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Ten separate springs percolate along San Felipe Creek, just upstream from its confluence with the Rio Grande in Del Rio. The clear water that gurgles forth supplies the city of Del Rio and nearby Laughlin Air Force Base—and feeds a more-than-a-mile-long strip of urban parkland with pools and streams perfect for escaping the South Texas heat.

Access Horseshoe Park from US 90 in east Del Rio. The springs are free and open to the public. Call 830/774-8541.

Stone walking bridges crisscross the creek’s three tributaries, which twist like braids but ultimately merge into one main flow, bordered by a paved hike-and-bike trail that leads from Horseshoe Park to Lions Park. Perch on rocks scattered in the main fork in the shadow of an old metal railroad bridge, or climb on an inner tube (bring your own) for a lazy, water-fueled ride downstream. Locals call another section that’s popular with children the Pig Pen. Those who like their swimming a little less wild can drop by the spring-fed, cement-bottom Moore Park Pool ($1.50 for entry).

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Independence Creek Preserve

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The water sparkles so clearly in this magical desert swimming hole you could be in the Bahamas.

The preserve opens only during occasional public weekends, held a few times per year. The next is set for September 10. On those days, there’s no charge to camp, fish, hike, or swim. Call 432/345-6773.

But you won’t find crowds of sunbathers or swaying palms here. Instead you’ll see deep-cut canyons and scrub-covered mesas, and just out of eyesight lies a prairie-dog village with fat little pups that pop up their heads and chirp an alert when anyone strolls past.

It’s all part of a 20,000-acre chunk of West Texas purchased by the Nature Conservancy for water quality protection and habitat conservation. The land lies in the transition zone between the Edwards Plateau and the Chihuahuan Desert, near the town of Sheffield.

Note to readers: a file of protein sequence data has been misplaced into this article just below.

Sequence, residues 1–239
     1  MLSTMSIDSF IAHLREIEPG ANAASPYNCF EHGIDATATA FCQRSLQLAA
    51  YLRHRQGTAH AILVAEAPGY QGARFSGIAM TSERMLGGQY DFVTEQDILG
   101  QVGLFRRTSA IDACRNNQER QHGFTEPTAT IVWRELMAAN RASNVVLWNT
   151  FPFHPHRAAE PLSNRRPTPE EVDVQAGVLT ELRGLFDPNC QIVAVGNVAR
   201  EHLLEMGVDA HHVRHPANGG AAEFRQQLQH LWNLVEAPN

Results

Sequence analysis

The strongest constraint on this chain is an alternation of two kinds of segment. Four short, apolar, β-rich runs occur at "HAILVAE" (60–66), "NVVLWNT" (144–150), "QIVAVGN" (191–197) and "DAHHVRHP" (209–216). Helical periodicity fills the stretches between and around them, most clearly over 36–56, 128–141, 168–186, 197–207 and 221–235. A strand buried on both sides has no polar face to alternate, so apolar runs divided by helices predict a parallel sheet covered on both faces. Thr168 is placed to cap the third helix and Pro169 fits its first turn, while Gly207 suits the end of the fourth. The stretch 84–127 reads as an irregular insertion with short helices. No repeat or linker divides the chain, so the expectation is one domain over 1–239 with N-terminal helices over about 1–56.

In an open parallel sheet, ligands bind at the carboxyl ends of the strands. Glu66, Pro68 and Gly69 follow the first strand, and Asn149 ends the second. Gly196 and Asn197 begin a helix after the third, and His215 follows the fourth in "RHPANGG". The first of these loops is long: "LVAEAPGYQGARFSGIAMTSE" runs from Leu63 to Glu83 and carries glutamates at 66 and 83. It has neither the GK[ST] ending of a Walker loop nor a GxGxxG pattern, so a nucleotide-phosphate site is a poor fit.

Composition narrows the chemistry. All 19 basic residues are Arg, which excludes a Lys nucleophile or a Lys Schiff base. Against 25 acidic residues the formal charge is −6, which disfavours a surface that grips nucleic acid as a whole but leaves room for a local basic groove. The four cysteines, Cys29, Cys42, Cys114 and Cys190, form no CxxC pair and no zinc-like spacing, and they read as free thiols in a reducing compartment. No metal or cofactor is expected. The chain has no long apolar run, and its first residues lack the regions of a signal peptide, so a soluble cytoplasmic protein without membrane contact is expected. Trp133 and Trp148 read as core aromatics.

Caroline Spring, located at the preserve’s headquarters, produces 3,000 to 5,000 gallons of water per minute. That water, held in check by a small dam, forms two lakes—a three-acre pool with a stone retaining wall along one side and a more natural 11-acre one. You’ll have to fight the ducks for space on the wooden dock on the larger lake, which provides the perfect place to stage a diving competition.

Water that passes through the lakes washes into Independence Creek, which flows into the Pecos River less than a mile downstream.

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UtopiaParkTag

A small dam 11 miles downstream from the headwaters of the Sabinal River creates a wide, tempting swim spot in the aptly named Hill Country town of Utopia.

Utopia Park is at 241 Utopia Park Rd. Admission is $5 per day per car (free to area residents). Call 830/966-3643.


Arrive early to nab a picnic table nestled in the thick oaks next to the parking area. Then scramble down the riverside slope, where a row of towering old cypress trees lines the banks.

Brave souls climb a makeshift ladder nailed to the tallest one and plunge into the cool waters far below. Less daring visitors float like otters in the tranquil, emerald-green bliss. When they need a break from swimming, they can wander over to the bird blind at the end of the park’s circle drive.

The main draw? Besides enough trees to please a county’s worth of woodpeckers, it’s all about that broad, glistening expanse of water. It’s not just for dipping toes—swim-a-holics can get in a real workout stroking up and down the length of the pool.

Public restrooms are available, and tent camping and fishing are allowed. Rustic screened shelters are available for rental.

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Tonkawa Falls

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A half-mile east of the tiny town of Crawford, a two-lane bridge crosses Tonk Creek. From there, you can just glimpse Tonk Park, the lush city park below, where water spills over a 15-foot limestone embankment and forms a pool perfect for frolicking.

Tonkawa Falls is at 8540 E. Fifth St. in Crawford. Admission is free. Call Crawford City Hall, 254/486-2125.